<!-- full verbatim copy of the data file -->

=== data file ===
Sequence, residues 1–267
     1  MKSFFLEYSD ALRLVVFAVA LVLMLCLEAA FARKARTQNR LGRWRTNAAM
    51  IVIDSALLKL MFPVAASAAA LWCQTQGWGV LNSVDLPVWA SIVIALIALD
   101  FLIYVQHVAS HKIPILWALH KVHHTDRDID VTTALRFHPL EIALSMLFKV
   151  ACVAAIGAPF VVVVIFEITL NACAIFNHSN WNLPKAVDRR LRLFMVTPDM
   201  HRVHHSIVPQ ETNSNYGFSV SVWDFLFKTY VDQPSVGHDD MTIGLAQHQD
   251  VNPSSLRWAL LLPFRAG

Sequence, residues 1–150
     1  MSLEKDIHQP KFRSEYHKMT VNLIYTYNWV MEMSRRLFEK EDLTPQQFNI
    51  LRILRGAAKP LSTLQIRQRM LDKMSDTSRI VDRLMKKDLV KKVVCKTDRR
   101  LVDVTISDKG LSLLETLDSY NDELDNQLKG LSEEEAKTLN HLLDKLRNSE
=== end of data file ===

Sequence, residues 1–267
     1  MKSFFLEYSD ALRLVVFAVA LVLMLCLEAA FARKARTQNR LGRWRTNAAM
    51  IVIDSALLKL MFPVAASAAA LWCQTQGWGV LNSVDLPVWA SIVIALIALD
   101  FLIYVQHVAS HKIPILWALH KVHHTDRDID VTTALRFHPL EIALSMLFKV
   151  ACVAAIGAPF VVVVIFEITL NACAIFNHSN WNLPKAVDRR LRLFMVTPDM
   201  HRVHHSIVPQ ETNSNYGFSV SVWDFLFKTY VDQPSVGHDD MTIGLAQHQD
   251  VNPSSLRWAL LLPFRAG

Sequence, residues 1–150
     1  MSLEKDIHQP KFRSEYHKMT VNLIYTYNWV MEMSRRLFEK EDLTPQQFNI
    51  LRILRGAAKP LSTLQIRQRM LDKMSDTSRI VDRLMKKDLV KKVVCKTDRR
   101  LVDVTISDKG LSLLETLDSY NDELDNQLKG LSEEEAKTLN HLLDKLRNSE